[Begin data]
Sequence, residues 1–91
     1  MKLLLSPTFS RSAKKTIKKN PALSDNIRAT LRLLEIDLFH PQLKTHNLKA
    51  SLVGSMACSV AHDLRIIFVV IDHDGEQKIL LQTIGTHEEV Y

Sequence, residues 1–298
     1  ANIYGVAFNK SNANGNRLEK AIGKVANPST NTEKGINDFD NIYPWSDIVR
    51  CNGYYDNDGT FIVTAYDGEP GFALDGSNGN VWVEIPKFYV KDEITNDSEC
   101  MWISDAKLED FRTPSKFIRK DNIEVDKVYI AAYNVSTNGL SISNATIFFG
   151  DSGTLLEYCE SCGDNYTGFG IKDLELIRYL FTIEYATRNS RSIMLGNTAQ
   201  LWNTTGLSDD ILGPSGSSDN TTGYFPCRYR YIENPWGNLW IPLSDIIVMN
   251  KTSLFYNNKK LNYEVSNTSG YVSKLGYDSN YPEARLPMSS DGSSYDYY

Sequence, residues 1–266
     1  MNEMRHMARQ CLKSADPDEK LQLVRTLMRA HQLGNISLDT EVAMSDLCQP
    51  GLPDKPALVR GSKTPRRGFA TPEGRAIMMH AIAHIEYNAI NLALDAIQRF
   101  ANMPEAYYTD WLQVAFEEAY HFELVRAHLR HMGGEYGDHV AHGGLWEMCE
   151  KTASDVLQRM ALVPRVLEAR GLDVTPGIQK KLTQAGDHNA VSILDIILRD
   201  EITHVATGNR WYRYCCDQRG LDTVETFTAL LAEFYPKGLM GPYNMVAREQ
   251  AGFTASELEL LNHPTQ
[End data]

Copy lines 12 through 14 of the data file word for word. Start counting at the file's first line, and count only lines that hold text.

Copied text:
     1  MNEMRHMARQ CLKSADPDEK LQLVRTLMRA HQLGNISLDT EVAMSDLCQP
    51  GLPDKPALVR GSKTPRRGFA TPEGRAIMMH AIAHIEYNAI NLALDAIQRF
   101  ANMPEAYYTD WLQVAFEEAY HFELVRAHLR HMGGEYGDHV AHGGLWEMCE